I just picked up a new Roamio 6-tuner TiVo in order to test out and post a review of soon. It is my 7th or 8th TiVo I've ever owned, but this one has proven problematic on setup due to a bug with Verizon FiOS, CableCARDs, and pay channels.
The problem looks like this on any channel that isn't a major TV network:
I went through a couple back and forths with Verizon tech support (who insisted this was a bad coax or HDMI cable issue) and eventually @brennokbob on Twitter pointed me to a thread on the TiVo Community forum where a user reported similar issues with HBO not working on their new Roamio TiVo on FiOS. Design VP of TiVo Margret Schmidt pointed out the issue is with CableCARDs that aren't the latest and greatest version.
My own multistream CableCARD is two years old (shown below), and carries one of the "bad" serial numbers listed in those posts, so I'm getting scrambled cable on my new TiVo until a technician can help me replace it.
Hopefully anyone else with a similar problem stumbles onto this post and can get it remedied.
The above image is reportedly what the lower end models will look like, and the specs on new models have been bumped up impressively, with two different 4 tuner models and one 6 tuner top end recorder. The hard drive sizes look like they will go from 1Tb to 3Tb in size, both of which are ample recording capacity for HD. Rumored release looks to be in the Fall of this year.
It sounds like updated chipsets will offer a lot more processing power for better software functionality, streaming possibilities, and (finally) built-in WiFi. Personally, this might be the first TiVo box I don't pre-order on day one (as I have with previous versions going all the way back to the series 2 box) since my 4-tuner, 1Tb TiVo XL Premiere is pretty rock solid and working fine for my needs. But if the added computing power makes for more interesting applications and uses for the box, I could be convinced to try the upcoming iterations out.
Dave Zatz got his hands on an early release of the upcoming TiVo Stream, a small $130 box you attach to your TiVo Premiere that lets you stream recordings to iOS devices and also gives you the ability to download shows to those devices.
Ever since I installed the TiVo iPhone and iPad clients, I've long wanted a way to stream the shows to my iPad in the house. At one time I had a Slingbox especially for this purpose but it was finicky and a pain to maintain and I eventually gave up on it. Personally, watching a dramatic show on an iPad with headphones is a really great way to get fully engrossed in a story and I'm really looking forward to this product.
Yesterday Dave also shared a sneaky way to pre-order one by phone.
Looks like the previously announced official TiVo unit for DirecTV that launched in December is now nationwide in the US. I live outside of their launch cities but noticed I can now sign up for new service and receive a free TiVo unit for it.
(I just may sign up and have DirecTV alongside my ailing fiber service from Frontier Communications, who has almost completely phased out TV service)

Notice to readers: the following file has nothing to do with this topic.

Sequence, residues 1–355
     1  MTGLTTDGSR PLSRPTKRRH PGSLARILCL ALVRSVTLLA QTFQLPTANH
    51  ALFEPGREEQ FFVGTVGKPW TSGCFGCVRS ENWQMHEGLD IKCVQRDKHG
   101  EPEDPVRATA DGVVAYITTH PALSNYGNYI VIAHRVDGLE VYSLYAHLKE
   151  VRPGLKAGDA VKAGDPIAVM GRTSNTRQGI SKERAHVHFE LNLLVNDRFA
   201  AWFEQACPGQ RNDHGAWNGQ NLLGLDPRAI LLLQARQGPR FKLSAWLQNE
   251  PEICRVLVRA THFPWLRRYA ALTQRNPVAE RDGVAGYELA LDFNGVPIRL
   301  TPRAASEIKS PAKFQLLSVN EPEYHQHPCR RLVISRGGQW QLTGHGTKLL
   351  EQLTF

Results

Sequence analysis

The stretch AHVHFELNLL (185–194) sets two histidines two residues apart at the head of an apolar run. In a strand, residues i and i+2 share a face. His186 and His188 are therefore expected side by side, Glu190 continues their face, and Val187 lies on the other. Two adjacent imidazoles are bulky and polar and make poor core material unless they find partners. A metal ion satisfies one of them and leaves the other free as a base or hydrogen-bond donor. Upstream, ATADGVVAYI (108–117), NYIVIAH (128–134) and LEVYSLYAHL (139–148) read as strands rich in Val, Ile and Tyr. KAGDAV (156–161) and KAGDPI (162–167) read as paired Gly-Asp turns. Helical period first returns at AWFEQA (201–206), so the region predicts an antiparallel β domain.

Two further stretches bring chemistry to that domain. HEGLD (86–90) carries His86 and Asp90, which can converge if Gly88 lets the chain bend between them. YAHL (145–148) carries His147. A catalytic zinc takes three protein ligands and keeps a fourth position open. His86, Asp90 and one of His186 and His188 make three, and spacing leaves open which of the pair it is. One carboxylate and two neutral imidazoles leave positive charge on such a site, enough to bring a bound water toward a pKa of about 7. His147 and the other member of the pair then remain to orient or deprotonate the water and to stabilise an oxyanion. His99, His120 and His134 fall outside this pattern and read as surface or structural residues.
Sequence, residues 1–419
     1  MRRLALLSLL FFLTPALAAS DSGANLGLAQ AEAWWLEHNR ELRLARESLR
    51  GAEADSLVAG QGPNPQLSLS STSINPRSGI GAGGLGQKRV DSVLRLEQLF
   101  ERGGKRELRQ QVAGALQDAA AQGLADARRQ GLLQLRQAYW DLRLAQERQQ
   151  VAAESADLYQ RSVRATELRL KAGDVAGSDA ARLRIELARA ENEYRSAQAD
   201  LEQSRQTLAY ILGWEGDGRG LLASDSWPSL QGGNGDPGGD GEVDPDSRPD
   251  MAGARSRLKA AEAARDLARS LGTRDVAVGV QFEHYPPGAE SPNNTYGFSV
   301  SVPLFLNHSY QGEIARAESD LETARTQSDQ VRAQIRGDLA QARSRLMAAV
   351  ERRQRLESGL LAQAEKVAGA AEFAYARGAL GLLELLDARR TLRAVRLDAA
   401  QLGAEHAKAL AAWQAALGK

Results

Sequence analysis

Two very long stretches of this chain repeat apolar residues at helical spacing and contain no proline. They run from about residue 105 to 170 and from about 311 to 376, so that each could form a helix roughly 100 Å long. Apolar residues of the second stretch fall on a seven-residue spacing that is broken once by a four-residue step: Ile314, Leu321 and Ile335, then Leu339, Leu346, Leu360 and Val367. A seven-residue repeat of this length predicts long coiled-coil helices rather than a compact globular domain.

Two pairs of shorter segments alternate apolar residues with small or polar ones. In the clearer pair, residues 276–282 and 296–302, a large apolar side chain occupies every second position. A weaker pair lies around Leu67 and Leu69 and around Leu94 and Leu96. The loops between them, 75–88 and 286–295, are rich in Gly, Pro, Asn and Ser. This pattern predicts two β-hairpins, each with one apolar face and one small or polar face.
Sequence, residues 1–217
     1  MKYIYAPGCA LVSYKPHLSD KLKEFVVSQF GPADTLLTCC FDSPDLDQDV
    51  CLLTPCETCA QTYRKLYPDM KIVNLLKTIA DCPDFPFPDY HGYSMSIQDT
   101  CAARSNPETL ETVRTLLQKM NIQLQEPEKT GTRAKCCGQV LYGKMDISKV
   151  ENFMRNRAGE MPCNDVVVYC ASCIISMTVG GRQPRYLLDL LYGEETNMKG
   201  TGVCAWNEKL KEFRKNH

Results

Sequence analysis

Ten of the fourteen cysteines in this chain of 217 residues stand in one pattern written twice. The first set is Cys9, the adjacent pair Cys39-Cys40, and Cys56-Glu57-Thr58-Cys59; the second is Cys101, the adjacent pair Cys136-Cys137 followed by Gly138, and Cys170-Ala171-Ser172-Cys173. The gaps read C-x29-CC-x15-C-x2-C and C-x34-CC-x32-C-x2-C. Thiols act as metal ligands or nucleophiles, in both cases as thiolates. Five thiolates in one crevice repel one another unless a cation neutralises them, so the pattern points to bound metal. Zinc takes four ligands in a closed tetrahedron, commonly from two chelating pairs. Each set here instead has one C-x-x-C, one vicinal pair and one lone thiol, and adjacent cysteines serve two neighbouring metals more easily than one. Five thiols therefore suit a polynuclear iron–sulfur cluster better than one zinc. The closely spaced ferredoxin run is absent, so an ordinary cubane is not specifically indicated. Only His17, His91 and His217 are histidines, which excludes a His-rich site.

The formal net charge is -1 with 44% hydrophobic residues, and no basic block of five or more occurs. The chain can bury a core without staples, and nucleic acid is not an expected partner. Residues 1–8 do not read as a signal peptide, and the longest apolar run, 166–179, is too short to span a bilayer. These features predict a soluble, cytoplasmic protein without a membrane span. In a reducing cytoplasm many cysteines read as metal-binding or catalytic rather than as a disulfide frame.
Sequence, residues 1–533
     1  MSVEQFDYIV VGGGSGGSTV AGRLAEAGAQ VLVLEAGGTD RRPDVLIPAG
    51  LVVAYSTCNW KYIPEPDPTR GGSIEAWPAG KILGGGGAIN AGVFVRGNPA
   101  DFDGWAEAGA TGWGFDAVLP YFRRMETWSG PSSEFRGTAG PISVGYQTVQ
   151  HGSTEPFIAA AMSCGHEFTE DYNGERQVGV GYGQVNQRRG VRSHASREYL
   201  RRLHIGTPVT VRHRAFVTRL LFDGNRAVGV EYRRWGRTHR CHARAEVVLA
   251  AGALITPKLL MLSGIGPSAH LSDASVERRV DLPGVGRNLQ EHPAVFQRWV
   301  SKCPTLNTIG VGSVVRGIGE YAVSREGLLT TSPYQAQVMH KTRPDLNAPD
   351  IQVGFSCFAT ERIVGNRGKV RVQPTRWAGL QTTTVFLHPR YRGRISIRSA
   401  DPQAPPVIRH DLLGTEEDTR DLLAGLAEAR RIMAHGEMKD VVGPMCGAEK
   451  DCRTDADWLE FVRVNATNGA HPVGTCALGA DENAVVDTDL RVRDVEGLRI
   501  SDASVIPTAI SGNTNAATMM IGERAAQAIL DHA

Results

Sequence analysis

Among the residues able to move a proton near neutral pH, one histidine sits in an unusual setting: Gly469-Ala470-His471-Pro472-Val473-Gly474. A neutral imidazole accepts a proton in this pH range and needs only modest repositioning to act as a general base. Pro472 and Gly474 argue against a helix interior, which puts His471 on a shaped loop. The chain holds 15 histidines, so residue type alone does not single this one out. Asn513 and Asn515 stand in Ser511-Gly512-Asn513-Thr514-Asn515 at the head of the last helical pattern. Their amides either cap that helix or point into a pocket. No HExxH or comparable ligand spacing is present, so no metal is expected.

After hinting at rekindling the DirecTV-TiVo relationship for the last 5+ years, there is finally a new DirecTiVo out. It is only available in large cities at the moment (Chicago, Denver, LA, NYC, Philly, Phoenix, Sacramento, SF, Seattle, DC) but it's definitely good news to anyone that has ever used the older models in the early 2000s. I myself thoroughly enjoyed the DirecTiVo I had from 2002-2005, and I only gave it up when there wasn't a viable HD option for DirecTV.
There isn't a ton of specs available yet, but if this was available where I live, I would seriously consider moving to it, especially as my own fiber optic cable provider has strongly hinted that they are canceling TV service in the next year or so. Here's hoping they spread it to more markets soon.
A couple weeks ago, TiVo announced the newest high-end product in their line, the TiVo Premiere Elite. It's a whopping four tuners combined with a 2Tb hard drive, giving you the ability to record four shows at once (instead of two like the TiVo Premiere) and ups the storage from 1Tb to 2Tb. The biggest change otherwise is that OTA (Over The Air) recording is not available in this device, making it digital-cable only.
I don't live in an area with any OTA HD channels, so I never used that capability. I suspect TiVo's own research showed much of their customer base either didn't know or didn't care about OTA recording and they decided to simplify their latest device to keep costs down. List price is $499 and lifetime service was a whopping $500 extra (monthly service is up to $20/month, so their lifetime pricing is still holding at about 2 years of monthly service).
If you're upgrading from the previous TiVo Premiere, it featured the use of a CableCARD mcard, or multi-stream card. My Frontier/Verizon TV tech claimed I could just remove the card from one device and slide it into the other without problem, but we found only the free major network channels worked. None of the cable channels worked higher in the line-up. After a few minutes of me insisting that he needed to call home base and re-authorize the card, he eventually did and they re-authorized it and all my channels worked.